Cotton is the most widely used natural fibre in the world and is essential for the manufacture of a wide variety of clothing and home products. The cotton plant provides seed for animal feed, while lint is converted into fibre. According to CottonConnect
, cotton accounts for almost 40% of global textile production. It provides income for more than 250m people worldwide and employs 7% of all labour in developing countries.
However, unless cotton is grown sustainably it leaves a significant environmental and social footprint. For example, it can take between 10,000 and 20,000 litres of water to produce 1kg cotton (depending on where it’s grown). Its cultivation can also be highly chemical intensive where the unsafe use of chemicals has the potential to cause severe health impacts on workers in the field and on surrounding ecosystems. While a number of initiatives have been developed to improve the sustainability of cotton production – total production of more sustainable cotton is still only estimated at about 15% of global production.
Cotton is a very important raw material for M&S. Over the past decade we have been working to develop a practical approach to sourcing cotton more sustainably in order to help secure our access to this raw material in years to come as well as improving the lives of people and communities.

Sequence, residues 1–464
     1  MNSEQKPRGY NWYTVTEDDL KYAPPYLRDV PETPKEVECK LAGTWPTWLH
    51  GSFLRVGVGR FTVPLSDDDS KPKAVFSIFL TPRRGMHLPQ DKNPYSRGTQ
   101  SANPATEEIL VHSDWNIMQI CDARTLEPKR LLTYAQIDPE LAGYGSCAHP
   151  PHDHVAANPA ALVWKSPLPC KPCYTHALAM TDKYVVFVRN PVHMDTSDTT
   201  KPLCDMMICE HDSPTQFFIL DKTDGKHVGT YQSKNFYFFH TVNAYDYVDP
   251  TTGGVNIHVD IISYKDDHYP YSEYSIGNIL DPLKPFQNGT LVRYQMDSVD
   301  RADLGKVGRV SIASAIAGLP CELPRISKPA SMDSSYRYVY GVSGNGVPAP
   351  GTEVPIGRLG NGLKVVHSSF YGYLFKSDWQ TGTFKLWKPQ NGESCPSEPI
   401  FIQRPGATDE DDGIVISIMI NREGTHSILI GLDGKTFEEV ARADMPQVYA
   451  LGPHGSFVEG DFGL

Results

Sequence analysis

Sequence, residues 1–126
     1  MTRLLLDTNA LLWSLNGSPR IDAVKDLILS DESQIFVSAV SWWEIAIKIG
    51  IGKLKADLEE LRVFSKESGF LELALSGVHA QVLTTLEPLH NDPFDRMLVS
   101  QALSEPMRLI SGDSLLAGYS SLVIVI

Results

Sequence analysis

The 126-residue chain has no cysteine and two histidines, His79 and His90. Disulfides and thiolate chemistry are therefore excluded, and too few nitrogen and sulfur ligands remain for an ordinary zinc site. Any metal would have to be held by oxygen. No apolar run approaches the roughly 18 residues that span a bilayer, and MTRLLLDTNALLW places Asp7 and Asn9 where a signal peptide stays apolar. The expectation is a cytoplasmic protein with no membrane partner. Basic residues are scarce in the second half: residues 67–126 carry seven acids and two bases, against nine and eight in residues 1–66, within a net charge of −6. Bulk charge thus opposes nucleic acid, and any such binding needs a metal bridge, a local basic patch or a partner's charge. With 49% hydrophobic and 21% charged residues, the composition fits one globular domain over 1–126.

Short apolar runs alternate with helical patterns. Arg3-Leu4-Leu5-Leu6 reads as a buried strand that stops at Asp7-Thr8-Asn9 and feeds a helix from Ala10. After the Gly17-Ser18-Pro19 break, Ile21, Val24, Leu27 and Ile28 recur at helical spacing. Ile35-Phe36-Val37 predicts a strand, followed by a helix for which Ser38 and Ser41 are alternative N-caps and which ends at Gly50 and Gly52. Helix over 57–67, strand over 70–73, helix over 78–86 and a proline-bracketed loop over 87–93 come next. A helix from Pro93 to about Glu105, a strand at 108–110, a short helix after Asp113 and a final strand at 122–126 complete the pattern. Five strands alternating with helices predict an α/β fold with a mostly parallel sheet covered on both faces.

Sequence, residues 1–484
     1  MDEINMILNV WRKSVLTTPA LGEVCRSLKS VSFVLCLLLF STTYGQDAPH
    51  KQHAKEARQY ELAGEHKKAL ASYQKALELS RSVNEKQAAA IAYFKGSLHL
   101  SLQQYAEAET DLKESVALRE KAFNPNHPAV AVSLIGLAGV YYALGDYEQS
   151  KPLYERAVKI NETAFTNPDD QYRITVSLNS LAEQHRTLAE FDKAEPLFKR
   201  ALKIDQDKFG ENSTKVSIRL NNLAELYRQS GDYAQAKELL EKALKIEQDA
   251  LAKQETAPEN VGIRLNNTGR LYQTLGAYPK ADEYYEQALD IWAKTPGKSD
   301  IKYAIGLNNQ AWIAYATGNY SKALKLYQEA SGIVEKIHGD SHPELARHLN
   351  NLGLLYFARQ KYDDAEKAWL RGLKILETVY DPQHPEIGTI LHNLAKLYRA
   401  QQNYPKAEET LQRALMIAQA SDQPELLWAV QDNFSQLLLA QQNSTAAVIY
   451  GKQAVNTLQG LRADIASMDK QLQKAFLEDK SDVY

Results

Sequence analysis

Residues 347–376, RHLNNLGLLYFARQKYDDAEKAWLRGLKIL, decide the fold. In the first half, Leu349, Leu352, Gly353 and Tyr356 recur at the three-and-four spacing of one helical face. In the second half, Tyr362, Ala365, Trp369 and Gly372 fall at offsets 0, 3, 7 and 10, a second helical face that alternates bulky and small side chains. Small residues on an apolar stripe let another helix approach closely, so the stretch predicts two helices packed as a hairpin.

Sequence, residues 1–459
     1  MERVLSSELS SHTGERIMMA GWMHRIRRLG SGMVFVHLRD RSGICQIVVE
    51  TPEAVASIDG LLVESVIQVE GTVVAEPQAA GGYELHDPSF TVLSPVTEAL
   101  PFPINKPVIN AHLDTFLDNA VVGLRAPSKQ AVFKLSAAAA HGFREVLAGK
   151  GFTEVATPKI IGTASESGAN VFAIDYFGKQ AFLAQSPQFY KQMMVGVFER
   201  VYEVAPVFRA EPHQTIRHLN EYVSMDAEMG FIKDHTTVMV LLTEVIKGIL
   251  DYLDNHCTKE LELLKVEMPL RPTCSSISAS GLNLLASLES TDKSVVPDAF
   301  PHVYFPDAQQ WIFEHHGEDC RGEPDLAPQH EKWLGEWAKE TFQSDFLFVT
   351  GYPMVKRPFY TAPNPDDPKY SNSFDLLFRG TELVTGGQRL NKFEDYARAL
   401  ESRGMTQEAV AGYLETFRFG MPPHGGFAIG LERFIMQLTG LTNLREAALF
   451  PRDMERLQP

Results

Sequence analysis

Commitments and targets
We want to lead our sector in sustainable consumption and production, offering our customers the good value, high quality products and they expect from M&S, while respecting planetary boundaries and the need for social equity.
Our goal is to ensure that 100% of the cotton for our clothing continues to be sustainably sourced - a goal we first met in March 2019. By 2025, we aim to have increased the proportion of Fairtrade, organic and recycled sources to 25%.
Cotton is very important to M&S. Within our Clothing & Home business it is the largest raw material and on average we use around 50,000 tonnes of lint cotton each year, of that around 45,000 tonnes is used in our clothing. Our cotton fibre mainly comes from India, China, Pakistan, Turkey, Brazil, USA, Africa and Australia and our supply chain is complex. We don’t own farms or factories and don’t purchase raw materials directly. Most of the raw materials that go into our products are sourced in a global market and cotton is no exception. As a result, traceability is a real challenge, so it is hard for us to fully understand our supply chain beyond our direct supplier. This is compounded by the fact that we use less than 0.25% of the world’s annual production of cotton so our leverage or influence in the sector is minimal. Nonetheless we expect all parties in our supply chains to be progressively working towards sourcing more sustainable cotton.
We have a proud history of sourcing cotton from more sustainable sources. We work with a wide range of multi-stakeholder and industry platforms to ensure our knowledge remains up to date in this rapidly evolving landscape.
Over the last few years we have been evolving our approach to one which is both practical and reflects our size and influence in this industry.
Our approach to sourcing more sustainable cotton is as follows: